Oh Frack!By Mark W. Law (Apr 20th, 2012)
When the white man conquered the Wild Wild West he brought with him ‘firewater’ – low quality, rot gut grain alcohol that decimated Indian nations across North America and remains a major problem to this day.
Who would have thought that a decade into the 21st century we are once again talking about ‘firewater’, only this time not from a bottle or crock but from your kitchen sink? And not just in remote native communities!
As the world’s supply of readily available fossil fuels dries up (pun intended) more creative methods of extracting oil and natural gas have been implemented on a grand scale. In the Tar Sands, steam is injected into the bedrock to loosen and melt hard bitumen so that it can be pumped to the surface. In the natural gas industry high pressure water is pumped into fissures in the rock to release the gas. This is called Hydraulic Fracturing or Fracking.
A fairly simple process you would think, and certainly safer than dynamite or nasty chemicals. What could be more natural than water, a sort of ‘pressure washer’ for natural gas?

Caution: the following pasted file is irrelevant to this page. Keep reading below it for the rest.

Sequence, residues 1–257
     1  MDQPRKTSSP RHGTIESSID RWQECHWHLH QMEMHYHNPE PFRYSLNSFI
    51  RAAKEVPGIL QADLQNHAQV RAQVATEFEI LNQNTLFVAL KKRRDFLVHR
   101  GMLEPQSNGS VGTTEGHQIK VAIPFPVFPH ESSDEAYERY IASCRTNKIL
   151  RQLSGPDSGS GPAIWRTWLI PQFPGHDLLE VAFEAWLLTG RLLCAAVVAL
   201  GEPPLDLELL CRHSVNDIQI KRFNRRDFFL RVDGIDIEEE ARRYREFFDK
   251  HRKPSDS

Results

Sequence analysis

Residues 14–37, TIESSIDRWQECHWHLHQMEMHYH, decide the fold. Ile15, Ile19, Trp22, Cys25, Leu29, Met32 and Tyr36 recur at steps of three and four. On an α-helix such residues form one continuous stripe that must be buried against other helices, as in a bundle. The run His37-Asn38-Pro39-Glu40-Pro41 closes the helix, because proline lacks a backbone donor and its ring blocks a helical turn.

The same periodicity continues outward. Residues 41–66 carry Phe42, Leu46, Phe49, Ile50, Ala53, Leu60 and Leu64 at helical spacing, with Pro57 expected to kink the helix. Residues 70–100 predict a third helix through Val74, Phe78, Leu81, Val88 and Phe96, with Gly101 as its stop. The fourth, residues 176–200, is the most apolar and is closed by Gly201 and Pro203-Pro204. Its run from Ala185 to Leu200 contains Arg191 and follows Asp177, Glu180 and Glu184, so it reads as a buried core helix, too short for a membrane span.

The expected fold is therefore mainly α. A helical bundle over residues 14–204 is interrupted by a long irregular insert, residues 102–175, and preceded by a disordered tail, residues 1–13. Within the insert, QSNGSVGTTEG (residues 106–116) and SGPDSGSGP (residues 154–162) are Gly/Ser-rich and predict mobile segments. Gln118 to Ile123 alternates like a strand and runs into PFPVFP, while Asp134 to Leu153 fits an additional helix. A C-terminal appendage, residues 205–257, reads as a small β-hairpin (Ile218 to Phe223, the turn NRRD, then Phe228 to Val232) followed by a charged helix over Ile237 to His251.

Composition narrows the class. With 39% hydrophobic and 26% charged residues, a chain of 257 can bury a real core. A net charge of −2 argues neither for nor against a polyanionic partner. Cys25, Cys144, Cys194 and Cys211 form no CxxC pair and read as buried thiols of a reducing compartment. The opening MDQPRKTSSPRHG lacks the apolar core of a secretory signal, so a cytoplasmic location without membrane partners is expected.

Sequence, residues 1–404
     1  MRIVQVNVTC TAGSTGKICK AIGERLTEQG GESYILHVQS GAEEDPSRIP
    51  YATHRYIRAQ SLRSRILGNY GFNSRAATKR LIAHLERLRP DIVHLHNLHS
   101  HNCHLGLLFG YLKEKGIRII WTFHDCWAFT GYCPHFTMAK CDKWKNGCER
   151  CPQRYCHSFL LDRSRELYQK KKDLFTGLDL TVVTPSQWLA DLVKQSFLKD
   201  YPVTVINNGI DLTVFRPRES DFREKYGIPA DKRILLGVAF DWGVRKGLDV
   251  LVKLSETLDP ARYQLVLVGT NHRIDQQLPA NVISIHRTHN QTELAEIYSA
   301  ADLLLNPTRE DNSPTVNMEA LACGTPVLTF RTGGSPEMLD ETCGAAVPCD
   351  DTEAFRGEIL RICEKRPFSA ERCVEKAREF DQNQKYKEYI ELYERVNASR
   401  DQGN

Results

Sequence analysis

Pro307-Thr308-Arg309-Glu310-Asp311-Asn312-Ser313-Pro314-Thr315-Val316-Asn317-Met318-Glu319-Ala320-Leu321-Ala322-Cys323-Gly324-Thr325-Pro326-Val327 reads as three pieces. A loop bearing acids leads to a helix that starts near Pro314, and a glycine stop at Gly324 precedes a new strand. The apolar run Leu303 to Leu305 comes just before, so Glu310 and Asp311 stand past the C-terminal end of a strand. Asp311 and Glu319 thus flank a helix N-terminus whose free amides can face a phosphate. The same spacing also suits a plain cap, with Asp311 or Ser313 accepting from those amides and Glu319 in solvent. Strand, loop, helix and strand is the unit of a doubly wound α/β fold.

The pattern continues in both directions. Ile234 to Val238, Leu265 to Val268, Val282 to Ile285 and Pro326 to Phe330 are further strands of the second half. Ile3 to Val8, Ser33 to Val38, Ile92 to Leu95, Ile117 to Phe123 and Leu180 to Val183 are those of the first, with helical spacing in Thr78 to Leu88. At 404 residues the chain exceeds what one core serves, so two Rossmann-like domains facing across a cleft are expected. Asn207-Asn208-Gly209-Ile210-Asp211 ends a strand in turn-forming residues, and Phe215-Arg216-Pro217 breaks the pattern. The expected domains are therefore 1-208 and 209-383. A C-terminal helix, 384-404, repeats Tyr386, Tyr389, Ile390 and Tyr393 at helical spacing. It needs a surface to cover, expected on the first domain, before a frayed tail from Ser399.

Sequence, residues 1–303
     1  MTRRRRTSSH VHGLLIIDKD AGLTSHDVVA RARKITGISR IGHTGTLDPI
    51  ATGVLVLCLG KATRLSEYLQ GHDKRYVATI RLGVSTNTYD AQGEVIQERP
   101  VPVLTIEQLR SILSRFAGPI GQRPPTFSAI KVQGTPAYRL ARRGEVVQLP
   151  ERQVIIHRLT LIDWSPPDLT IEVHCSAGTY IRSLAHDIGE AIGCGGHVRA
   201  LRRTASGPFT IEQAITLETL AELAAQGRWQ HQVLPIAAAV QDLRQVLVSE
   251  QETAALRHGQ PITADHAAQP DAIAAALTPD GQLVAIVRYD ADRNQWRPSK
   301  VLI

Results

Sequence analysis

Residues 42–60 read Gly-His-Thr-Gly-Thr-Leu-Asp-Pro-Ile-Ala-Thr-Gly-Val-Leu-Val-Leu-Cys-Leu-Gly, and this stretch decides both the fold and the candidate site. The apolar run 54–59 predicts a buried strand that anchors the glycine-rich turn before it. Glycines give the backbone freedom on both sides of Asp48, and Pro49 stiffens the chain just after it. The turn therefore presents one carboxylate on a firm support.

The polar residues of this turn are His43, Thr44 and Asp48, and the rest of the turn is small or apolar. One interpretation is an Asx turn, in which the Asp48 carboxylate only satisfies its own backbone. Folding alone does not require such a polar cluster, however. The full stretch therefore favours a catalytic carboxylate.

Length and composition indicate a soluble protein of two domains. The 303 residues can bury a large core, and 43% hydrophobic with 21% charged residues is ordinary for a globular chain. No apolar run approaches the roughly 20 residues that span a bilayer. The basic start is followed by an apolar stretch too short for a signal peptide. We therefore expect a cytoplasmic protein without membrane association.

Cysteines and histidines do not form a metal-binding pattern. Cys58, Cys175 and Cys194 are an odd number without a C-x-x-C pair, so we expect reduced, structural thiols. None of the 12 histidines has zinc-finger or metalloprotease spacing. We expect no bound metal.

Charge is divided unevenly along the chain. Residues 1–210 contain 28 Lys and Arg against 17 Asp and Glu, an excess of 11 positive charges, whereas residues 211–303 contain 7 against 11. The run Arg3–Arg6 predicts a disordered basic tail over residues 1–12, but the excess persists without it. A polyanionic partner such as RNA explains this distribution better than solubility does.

But water is a funny thing. Under pressure and gravity it tends to go wherever it finds a path of least resistance. And whatever is dissolved in the water goes with it. And as fracking becomes ‘mainstream’ (25% of extractions now use fracking) we are hearing more and more Armageddon stories surfacing in the oddest places. The flammable tap water stories were thought to be urban legends until frustrated homeowners turned to Youtube. Now a simple search for ‘flammable tapwater’ on the site reveals pages of videos!
This morning on Reuters online is a story about the U.S. Geological Service seeing major increases in earthquake activity in the Midwest, where fracking is commonplace.
From 1970 through 2000, the rate of magnitude 3 or greater quakes was 21 plus or minus 7.6 each year, according to USGS figures. Between 2001 and 2008, that increased to 29 plus or minus 3.5.
But the next three years saw the numbers increase “much more spectacularly,” said Arthur McGarr, of the geologic survey’s Earthquake Science Center in California: 2009 had 50, 2010 had 87 and 2011 had 134 such events.
“We don’t know why, but we doubt that it’s a natural process, because in nature, the only time you see such a big increase is during an aftershock sequence (with a series of quakes) or in a volcanic setting where you often get swarms of earthquakes due to magmatic activity,” McGarr said.
It is going to take years for us to get off our fossil fuel dependency but in the meantime there has to be safer ways to take black gold out of the soil.
Imagine going into your local pizza parlour and watching them make crusts using balls of frozen dough and a pile driver! Hardly the kind of meal you want to share with your children.
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For the doubting Thomases here is one such video from Youtube:
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